There are specific manufacturers and versions for specific market verticals. For example, if you are looking to resell Hosted PBX, you will need a system that supports auto-attendants, extension dialing, group dialing, voicemail, call parking, and list of other similar features. However, you must also ensure that the switch is a multi-tenant platform that allows you to create an instance or partition for each specific company client. The reason this is important is that you need to make sure that each company client is separate from the other. You don’t want one client to have access to other auto-attendants or extension numbers. Also, the global settings will probably vary from client to client. Most of the multi-tenant PBX switches can be premised-based or hosted.
When determining whether to buy the equipment and collocate it or buy the hosted version, you should look at overall costs and determine your breakeven point based on customer count. The premise-based option will require upfront capital expenditure as well as monthly fees for collocation. The hosted option will probably require a smaller upfront setup fee and slightly higher monthly hosting fee. Also, the hosted version is most likely fully managed and eliminates the cost of having someone maintain the switch. Startups typically choose to go the hosted method because of the lower upfront cost and management requirements.
End User Phone/Software
Now that you’ve selected a switch, it's time to determine what end-user phone or software you will be supporting. Most switch vendors will have recommended phone brands and models that are supported. Although you could probably use any kind of SIP phone, it is recommended you use the supported phones for a variety of reasons.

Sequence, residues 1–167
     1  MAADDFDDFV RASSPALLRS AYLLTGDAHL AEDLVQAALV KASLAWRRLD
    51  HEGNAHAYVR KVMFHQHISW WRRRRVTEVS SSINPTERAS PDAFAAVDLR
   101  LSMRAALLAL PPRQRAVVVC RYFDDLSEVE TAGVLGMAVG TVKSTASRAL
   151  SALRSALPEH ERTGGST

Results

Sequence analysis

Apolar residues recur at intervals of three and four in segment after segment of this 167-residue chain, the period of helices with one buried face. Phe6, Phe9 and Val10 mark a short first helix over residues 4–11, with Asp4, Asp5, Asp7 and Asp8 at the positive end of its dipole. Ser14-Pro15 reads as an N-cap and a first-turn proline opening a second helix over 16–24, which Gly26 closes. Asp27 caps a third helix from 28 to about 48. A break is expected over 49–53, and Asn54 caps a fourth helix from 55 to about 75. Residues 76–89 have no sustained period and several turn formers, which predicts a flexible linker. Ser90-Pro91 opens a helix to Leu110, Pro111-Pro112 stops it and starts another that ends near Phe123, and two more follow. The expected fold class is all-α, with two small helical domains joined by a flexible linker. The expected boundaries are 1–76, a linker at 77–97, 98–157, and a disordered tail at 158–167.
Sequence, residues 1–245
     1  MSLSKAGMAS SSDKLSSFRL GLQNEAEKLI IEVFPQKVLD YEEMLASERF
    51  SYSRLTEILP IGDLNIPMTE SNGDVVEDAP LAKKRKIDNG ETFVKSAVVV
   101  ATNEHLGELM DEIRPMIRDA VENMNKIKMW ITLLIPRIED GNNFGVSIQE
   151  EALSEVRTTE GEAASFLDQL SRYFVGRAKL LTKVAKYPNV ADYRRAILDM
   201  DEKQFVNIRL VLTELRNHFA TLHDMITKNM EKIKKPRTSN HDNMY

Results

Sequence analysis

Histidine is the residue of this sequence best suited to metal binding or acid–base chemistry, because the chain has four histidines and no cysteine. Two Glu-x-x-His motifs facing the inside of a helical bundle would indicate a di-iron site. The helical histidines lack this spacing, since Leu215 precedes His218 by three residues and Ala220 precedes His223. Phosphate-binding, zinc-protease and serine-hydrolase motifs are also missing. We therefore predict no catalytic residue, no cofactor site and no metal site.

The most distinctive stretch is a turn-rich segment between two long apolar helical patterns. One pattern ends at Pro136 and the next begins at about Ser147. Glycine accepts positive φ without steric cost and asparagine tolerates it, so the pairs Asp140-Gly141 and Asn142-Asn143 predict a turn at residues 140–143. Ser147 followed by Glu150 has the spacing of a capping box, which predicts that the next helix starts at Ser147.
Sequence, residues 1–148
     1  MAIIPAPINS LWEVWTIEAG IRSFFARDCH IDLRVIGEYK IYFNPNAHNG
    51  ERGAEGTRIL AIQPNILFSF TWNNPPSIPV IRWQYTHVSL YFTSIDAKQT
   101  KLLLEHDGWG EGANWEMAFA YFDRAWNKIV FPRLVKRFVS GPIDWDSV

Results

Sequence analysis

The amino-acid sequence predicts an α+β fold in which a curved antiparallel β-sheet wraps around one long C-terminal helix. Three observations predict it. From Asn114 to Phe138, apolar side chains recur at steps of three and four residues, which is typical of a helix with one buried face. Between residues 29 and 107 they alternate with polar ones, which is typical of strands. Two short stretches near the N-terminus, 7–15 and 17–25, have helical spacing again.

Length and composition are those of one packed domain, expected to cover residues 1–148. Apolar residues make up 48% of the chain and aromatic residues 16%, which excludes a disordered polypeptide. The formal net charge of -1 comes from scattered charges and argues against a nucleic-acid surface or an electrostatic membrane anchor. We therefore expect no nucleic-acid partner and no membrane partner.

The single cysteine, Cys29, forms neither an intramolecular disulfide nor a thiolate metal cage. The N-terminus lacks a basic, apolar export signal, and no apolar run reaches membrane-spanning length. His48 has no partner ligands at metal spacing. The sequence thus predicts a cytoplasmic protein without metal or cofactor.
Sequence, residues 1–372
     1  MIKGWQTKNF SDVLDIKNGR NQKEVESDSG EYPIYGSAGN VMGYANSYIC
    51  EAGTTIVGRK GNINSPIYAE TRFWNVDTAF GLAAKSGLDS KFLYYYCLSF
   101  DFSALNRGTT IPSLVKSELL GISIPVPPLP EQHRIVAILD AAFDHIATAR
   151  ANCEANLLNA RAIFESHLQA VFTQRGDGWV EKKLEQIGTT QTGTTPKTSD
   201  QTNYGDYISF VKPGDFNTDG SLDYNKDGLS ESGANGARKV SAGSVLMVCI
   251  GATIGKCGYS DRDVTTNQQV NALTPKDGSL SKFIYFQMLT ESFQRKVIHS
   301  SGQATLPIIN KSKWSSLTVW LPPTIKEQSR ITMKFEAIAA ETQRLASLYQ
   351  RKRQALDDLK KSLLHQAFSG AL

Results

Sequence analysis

If your switch vendor determines your end-users' phones are not supported, they may not be able to assist in troubleshooting issues. Software upgrades are sent to the IP phones, if those phones are not the correct type, the update may not work correctly or may work at all. The end user portal typically relays certain programmable information back to the phone, and while this information can probably be manually programmed, you lose the ability to do it in real-time if the phone is not compatible. Check with your switch provider on software as well. A lot of businesses are now switching to using softphones. These allow them to basically ditch the deskphone and use their computer or laptop to make and receive all calls.
As part of your offering, some VoIP companies provide different model options. While you may limit the brands you offer a client, you can give them the option in perhaps choosing an entry model, standard model and an executive model. By offering the same brand but different models, you are reducing the number of brands your staff is supporting but at the same time offering options to clients.
Once you’ve selected your vendors and equipment. Make sure to test all services, billing systems, and support processes rigorously. You don’t want to test your services on real paying customers. Friends and family typically make good guinea pigs. Next month we’ll discuss how to market and sell your services in this final three part article series. Click the button below to get our Guide to Becoming an Internet Telephony Service Provider!